• The God of Israel (Gal 4:8),
    • The Father who sent Jesus (John 17:3),
    • Jesus (John 1:1),
    • Satan (2 Cor 4:4) and
    • The gods of the nations (1 Cor 8:5).

In First Century Asia Minor, the emperor Domitian was known as “lord and god.” The word theos, therefore, is used for any being whose power is far beyond that of ordinary people; even for exalted people. For that reason, theos may also be translated as “god,” rather than “God.”

The ancients did not distinguish between lower and upper case characters. The word “God,” with a capital G, is a modern invention that functions as a proper name for one specific Being, namely the Almighty. For these reasons, to retain the original meaning, it might have been more appropriate to translate 4:11 as “our lord and our god,” for the ancients did not have a word equivalent to the modern word “God” and the 24 elders, by referring to God as “our lord and our god,” were acknowledging the Creator as THEIR lord and god; not as THE ONLY lord and god. For a further discussion, see, Is Jesus God in Revelation?

to receive glory and honor and power; for You created all things, and because of Your will they existed, and were created

In verse 9, the four living beings ascribed “glory and honor and thanks” to Him. The current verse replaces “thanks” with “power,” for He is the Almighty Creator. All power inherently belongs to God. There never was a time when He did not have it. But He restrains His use of that power (11:17). God never forces anyone but seeks to win the love of His creatures rather than to use His power to force them to comply with His will (see Rev 15:3-4).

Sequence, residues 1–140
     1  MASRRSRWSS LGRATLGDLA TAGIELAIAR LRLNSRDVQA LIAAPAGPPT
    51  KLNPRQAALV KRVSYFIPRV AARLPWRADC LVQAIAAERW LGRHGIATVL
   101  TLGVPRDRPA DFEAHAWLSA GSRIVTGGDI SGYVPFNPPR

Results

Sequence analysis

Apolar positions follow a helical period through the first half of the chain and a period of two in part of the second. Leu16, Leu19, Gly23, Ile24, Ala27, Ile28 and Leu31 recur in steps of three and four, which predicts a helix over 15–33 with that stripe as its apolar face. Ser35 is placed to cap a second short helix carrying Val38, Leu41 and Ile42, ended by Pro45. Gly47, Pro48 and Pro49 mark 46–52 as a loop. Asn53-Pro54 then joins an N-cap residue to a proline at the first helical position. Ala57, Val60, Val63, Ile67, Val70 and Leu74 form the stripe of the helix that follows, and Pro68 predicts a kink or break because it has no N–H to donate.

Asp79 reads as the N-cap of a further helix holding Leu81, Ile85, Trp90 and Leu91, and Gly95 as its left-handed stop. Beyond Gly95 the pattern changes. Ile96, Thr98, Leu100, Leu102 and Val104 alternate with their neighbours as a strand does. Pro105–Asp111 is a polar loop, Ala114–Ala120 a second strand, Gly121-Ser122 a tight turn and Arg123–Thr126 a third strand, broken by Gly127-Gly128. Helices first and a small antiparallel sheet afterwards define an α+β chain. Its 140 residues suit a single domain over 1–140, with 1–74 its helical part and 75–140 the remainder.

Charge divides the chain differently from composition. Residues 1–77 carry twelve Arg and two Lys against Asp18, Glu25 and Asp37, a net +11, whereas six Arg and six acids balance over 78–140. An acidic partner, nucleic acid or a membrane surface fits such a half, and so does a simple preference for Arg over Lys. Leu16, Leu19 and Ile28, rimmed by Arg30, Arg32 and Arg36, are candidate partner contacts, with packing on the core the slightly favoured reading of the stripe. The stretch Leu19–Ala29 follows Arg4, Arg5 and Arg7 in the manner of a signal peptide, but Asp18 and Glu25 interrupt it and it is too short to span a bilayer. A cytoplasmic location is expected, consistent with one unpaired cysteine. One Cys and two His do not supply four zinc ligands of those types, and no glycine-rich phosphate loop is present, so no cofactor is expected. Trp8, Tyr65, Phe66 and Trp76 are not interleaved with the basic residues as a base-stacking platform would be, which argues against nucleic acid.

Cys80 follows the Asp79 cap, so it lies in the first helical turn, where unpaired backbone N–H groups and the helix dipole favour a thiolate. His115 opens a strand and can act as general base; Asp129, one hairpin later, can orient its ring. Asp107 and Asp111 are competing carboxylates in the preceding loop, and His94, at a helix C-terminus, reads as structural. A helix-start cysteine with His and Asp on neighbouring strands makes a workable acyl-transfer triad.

The words “for” and “because” indicate cause and consequence: Because God created all things, He is worthy to receive our “glory and honor and power.”

All things” means the entire universe (Rom 11:36; 1 Cor 8:6; Eph 1:10; 3:9; Heb 1:3; 2:10); the heavens, the earth, the sea, and everything that is in them.

Because of Your will” – Behind the act of creation lies the will and purpose of God. Were it not for the will and purpose of God, the universe would not exist. 

WORSHIP IN REVELATION 5

FIVE WORSHIP HYMNS

Five hymns are sung in Revelation 4 and 5. The first two are sung in honor of the One on the throne. The next two songs praise the Lamb. The last hymn offer praise to both. There is a crescendo in the size of the groups singing these hymns:

SUNG TO: SUNG BY:
(1) 4:8 “Holy, holy, holy” The One on the throne The 4 living creatures.
(2) 4:11 – Praising God as the Creator The 24 elders
(3) 5:9-10 – Worthy are You to take the book and to break its seals The Lamb The 4 living creatures and the 24 elders
(4) 5:12 – Worthy is the Lamb to receive power, riches, wisdom … The 4 living creatures and the 24 elders are joined by millions of angels.
(5) 5:13 – blessing and honor and glory and dominion forever Both Every creature in the entire universe

So the whole sequence of Revelation 4-5 moves forward to the great climax in which “all will honor the Son even as they honor the Father” (John 5:23).

JESUS RECEIVES THE SAME HONOR AS THE FATHER.

In Revelation 5, all creation bows down to praise both “Him who sits on the throne” and Jesus: